Obst began working for Microtron as Microtron's quality assurance manager in March 1992. Obst reported to Keith Horton, vice president and general manager of Microtron. Microtron is a manufacturer of electronic components for the automobile industry. One of the electronic components Microtron manufactured was the wiper control module, a part used in motor vehicle windshield wiper and washer systems. Performance and design requirements for windshield wiper and washer systems are governed by federal regulations. Microtron began manufacturing wiper control modules for the Ford Motor Company in 1993. A manufacturing control plan developed by Microtron, in conjunction with Ford, set out in detail the individual steps of the manufacturing process Microtron was to follow, including specific procedures for testing finished wiper control modules. Changes to or deviations from the procedures set out in the control plan generally required Microtron to get advance approval from Ford.

According to the control plan, Microtron was required to test the finished wiper control modules using three different methods. First, every wiper control module was to be tested using what is referred to as the end-of-the-line tester. The functions tested by the end-of-the-line tester were: high speed operation; washer operation; maximum dwell time; wire scan; power consumption; minimum dwell time; wipe after wash; park operation; and low speed operation. The end-of-the-line tester was capable of testing multiple wiper control modules at one time. Microtron experienced problems with its end-of-the-line tester from the beginning of wiper control module production. The tester rarely ran at full capacity and broke down frequently. It also passed defective wiper control modules and failed wiper control modules that were not defective.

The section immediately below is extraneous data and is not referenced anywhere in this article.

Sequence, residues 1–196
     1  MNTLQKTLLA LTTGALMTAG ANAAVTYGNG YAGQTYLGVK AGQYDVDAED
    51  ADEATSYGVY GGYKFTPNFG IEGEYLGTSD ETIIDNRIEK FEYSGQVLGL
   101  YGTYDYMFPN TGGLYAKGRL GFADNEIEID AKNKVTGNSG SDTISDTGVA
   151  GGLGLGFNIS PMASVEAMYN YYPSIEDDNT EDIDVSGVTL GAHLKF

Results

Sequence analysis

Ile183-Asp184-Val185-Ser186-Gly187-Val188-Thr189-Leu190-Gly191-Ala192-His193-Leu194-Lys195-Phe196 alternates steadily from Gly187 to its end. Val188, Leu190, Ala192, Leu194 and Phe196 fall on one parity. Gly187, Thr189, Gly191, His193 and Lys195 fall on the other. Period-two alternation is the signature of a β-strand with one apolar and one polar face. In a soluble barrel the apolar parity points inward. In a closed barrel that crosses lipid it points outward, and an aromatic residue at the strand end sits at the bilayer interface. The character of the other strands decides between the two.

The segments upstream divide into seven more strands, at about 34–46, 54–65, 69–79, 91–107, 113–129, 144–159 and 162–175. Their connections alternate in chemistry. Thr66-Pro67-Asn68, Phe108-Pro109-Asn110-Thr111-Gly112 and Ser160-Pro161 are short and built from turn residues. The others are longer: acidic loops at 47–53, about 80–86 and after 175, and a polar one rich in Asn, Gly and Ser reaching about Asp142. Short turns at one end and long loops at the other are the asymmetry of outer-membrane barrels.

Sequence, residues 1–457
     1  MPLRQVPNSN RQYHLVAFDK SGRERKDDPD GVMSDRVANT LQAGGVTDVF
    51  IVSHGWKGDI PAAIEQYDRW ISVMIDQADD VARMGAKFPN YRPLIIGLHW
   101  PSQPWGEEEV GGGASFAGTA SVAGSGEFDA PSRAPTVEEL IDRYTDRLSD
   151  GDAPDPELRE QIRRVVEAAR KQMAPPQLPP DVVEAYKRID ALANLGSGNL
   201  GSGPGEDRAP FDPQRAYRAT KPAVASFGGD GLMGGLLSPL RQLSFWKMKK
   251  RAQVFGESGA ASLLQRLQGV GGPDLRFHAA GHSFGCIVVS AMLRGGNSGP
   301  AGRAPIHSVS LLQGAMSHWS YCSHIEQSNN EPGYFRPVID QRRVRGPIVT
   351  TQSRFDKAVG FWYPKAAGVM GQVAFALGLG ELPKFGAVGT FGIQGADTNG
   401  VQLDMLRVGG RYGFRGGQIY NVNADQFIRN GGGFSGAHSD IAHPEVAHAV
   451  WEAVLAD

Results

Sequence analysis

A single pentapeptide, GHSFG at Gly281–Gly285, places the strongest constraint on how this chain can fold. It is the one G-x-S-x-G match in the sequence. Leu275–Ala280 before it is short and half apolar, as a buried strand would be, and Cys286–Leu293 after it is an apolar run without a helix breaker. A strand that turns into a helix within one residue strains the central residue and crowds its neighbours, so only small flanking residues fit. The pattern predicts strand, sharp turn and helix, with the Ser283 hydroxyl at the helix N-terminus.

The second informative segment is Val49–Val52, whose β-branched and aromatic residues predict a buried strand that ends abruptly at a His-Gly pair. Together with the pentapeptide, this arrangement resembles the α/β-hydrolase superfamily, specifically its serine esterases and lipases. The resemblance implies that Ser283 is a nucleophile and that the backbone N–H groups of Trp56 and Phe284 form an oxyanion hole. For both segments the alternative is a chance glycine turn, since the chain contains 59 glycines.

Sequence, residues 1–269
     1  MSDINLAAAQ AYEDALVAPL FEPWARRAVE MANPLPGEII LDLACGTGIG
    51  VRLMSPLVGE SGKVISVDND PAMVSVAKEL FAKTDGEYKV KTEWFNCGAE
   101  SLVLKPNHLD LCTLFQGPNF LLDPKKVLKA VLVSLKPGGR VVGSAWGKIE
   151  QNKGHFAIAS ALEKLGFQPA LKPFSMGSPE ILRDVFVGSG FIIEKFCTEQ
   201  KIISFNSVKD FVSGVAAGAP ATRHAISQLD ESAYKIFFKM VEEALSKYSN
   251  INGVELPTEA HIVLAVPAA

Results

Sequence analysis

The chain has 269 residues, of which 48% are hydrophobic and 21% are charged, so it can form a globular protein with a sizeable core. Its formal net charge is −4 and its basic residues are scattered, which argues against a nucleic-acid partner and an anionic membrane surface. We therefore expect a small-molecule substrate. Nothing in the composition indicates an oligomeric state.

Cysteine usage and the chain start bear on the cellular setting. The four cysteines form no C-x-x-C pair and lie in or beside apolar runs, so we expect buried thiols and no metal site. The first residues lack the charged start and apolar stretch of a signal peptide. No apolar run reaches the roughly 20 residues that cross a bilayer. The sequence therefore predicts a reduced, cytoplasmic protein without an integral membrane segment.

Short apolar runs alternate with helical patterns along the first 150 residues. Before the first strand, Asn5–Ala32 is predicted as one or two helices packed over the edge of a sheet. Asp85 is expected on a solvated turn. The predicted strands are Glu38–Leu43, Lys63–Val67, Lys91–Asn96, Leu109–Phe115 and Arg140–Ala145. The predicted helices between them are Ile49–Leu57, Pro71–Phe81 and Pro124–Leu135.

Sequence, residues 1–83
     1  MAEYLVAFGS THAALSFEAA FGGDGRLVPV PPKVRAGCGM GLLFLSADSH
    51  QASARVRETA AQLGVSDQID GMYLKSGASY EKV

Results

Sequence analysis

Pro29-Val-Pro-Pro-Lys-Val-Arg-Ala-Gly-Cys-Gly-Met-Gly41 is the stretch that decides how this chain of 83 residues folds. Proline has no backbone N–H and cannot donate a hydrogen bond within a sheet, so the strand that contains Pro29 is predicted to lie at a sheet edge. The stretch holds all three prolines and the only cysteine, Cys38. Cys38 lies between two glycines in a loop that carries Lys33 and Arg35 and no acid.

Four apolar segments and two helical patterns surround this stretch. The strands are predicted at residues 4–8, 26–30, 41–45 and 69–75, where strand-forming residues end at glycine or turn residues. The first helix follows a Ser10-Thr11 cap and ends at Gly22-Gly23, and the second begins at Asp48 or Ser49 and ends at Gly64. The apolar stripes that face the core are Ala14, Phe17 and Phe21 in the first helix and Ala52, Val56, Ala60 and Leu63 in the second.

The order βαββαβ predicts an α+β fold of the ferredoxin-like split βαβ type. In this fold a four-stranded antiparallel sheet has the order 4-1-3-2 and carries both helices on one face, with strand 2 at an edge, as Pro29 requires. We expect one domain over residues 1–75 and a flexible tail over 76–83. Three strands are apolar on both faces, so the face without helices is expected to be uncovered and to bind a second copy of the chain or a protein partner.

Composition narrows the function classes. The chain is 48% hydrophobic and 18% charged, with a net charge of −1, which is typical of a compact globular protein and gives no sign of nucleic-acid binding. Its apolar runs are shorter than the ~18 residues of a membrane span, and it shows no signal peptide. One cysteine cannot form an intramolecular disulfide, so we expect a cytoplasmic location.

The control plan also called for ten finished wiper control modules from every carton of wiper control modules produced to be tested by a tester referred to as an audit tester. The functions tested by the audit tester were the same as the functions tested by the end-of-the-line tester with the exception of low speed operation, which the control plan did not require for audit tests.